November 25, 2010
Christopher and Jenny Cupp and daughter, Emma Reed, Beverly Fitch and daughter, Shelby, and Sandor Viradi, all of Olive Branch, will be the Thanksgiving Day guests of Billy and Tammy Cupp. Joining them will be Becky Cupp.
J.J. and Stephen Tutor and children, Patsy, Mitch and Grace, of Hattiesburg, are the holiday guests of Martha Mitchell and Jamie Brigance, along with her sons, Stevie and Drew.
This Thanksgiving, be sure to look around your table and count your blessings, be it family, friends or the wonderful bounty set before you. This holiday season reflect on all the blessings you have been given. Someone said as the time draws near to write down a blessing every day and share those while having dinner. That should carry on throughout daily life, not just at Thanksgiving. Every day is a gift - untie the bow and enjoy it! Happy Thanksgiving to all of our wonderful readers, both near and far.
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Eddie and Sarah Johnson of Barton are proud to announce the birth of their son, Harrison Scruggs Johnson, who was born Oct. 2, 2010, at Baptist Women’s Hospital in Memphis, Tenn. He weighed five pounds, 14 ounces, and was 20.5 inches long.
Maternal grandparents are Dexter and Patricia Farley of Collierville, Tenn. Paternal grandparents are Sammie and Sarah Johnson of Winona.
Great-grandparents are Pete and Sarah Farley of Barton. Harrison was named after his great-great-grandfather, the late Rollie Harrison Johnston of Barton, and Sammie Johnson of Winona.
“Strawberry Plains” on Holiday Christmas Tour
“Strawberry Plains” was named because of the acres of wild strawberries on the place. It was burned by the Federal troops during the War Between the States but was renovated in 1970 by the late Margaret Shackleford and her sister, Margaret Finley, who willed it to the Audubon Society.
Eben Davis, who was one of the early settlers of Marshall County built the house in 1851. Davis was an altruistic person. He established a school for his own children and all of the children on the plantation.
He built a Methodist Church which burned years ago and gave the land for the Strawberry Methodist Church for the people on the plantation and it is still functioning today.
At the time the house was built, it was the finest house in the county. The plantation was self-sufficient with an ice house, flour mill, carriage house, blacksmith, cotton gin, stable, slave quarters and the school. There was lots of entertainment, with much of it coming from the plantation hands.
With the Civil War’s advent, this was changed forever. The place was harassed by the northern army who hated anyone named “Davis,” although Eben was not kin to Jefferson Davis. He was too old to go to war and on one occasion he had been beaten with the butt of a rifle by a Federal soldier.
He then moved to Alabama, where he had another plantation and left his wife, Martha Greenlee, to run “Strawberry Plains,” not realizing what she would have to go through. However, she turned out to be the original steel magnolia. She had never before even lifted her hand; everything was done for her.
She began running the plantation, then the Federals came in and stole all of her stock. She and her oldest son went to LaGrange, Tenn. (18 miles north of here in Tennessee) and demanded something to ride.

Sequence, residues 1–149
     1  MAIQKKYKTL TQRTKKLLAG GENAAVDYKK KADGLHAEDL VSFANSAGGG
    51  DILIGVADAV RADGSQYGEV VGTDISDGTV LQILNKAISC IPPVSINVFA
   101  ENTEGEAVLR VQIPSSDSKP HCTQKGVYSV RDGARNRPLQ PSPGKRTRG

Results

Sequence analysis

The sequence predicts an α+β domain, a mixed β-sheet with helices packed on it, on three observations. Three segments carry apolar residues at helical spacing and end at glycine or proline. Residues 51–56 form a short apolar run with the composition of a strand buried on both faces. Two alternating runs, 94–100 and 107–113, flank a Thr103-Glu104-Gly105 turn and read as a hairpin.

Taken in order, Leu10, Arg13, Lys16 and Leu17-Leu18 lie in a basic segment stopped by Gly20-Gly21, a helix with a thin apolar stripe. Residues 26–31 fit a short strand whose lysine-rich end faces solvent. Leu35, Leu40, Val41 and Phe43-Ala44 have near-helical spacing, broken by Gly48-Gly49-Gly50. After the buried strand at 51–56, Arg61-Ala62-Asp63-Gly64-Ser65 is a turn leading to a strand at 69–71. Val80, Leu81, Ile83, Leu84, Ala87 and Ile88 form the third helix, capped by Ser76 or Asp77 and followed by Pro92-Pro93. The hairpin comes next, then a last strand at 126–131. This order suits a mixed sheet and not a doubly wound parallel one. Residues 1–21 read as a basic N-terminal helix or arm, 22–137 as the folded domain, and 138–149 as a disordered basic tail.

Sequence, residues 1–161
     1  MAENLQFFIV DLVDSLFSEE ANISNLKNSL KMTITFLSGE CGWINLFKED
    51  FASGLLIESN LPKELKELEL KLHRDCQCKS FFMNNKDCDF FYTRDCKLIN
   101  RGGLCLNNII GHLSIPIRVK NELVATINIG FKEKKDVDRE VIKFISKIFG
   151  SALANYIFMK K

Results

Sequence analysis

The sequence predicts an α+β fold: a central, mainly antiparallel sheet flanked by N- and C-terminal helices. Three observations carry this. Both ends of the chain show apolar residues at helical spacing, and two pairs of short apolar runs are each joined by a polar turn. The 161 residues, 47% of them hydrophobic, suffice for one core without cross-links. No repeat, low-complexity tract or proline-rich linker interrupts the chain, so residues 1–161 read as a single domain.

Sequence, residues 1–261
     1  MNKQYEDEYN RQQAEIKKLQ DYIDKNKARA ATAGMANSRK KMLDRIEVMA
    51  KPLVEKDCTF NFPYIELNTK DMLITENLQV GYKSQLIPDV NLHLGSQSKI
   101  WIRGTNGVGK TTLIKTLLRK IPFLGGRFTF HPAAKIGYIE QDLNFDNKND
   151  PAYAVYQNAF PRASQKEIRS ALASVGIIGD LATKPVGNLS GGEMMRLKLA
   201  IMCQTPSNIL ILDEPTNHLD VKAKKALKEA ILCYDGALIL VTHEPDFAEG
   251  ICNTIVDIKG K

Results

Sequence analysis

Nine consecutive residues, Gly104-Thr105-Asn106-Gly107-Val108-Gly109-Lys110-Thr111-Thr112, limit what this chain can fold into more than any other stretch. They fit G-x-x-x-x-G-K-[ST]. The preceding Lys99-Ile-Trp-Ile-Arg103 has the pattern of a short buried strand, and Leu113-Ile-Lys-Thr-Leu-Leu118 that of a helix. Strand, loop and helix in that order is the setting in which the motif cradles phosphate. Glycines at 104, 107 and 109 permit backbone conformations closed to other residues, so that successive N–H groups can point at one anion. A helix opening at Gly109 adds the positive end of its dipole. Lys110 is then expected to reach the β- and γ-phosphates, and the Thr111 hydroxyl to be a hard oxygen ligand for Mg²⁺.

The Yankees called her “Old Secess” and compared her to a goose because every time they picked her clean, they would come back and she would be feathered up again.
Another time when money was running low, she salvaged a bale of cotton that she had burned to keep it from the Yankees; she compressed it by hitching a cow to the cotton presser. Then she ran it though the Yankee blockade where it brought $500.
Her most frightening experience came one day when a bunch of rough looking soldiers rode into her yard. She slipped a pistol into her pocket and went out to meet them. One of them made an obscene remark to her and she told him never to say that to her again, to which the ruffian said and “What will you do about it when it’s just you against all of us?” and repeated it again whereupon she pulled out the gun and shot him dead.
She held the others at bay until their commanding officer rode up. He said the lady did what she had to do and said the ruffian got what he deserved.
On the last raid to the house, the officer came to the door and told Mrs. Davis that her house was to be burned. She begged them not to as her children were sick and she had nowhere to go. He gave her fifteen minutes to salvage anything she could get out.
They chopped her fine rosewood piano and used it for kindling. The fire left only the walls of the house standing.
After the war Mrs. Davis and her children partially rebuilt the house and her sons and granddaughter lived in the house until the last one died in the 1950s.
Today Strawberry Plains is the headquarters of the Mississippi Audubon Society. Walter (Bubba) Hubbard is the director of the Audubon Society here in Mississippi. He is in charge of this fabulous 2000-acre Strawberry Plantation.
Tickets maybe purchased at 220 East College Ave. or bought over the phone, number is 662-252-3669.
Tickets maybe purchased in advance for $15 each for groups of 10 or more or $18 for single tickets or groups less than 10 before November 28. All tickets bought after November 28 are $22 each.
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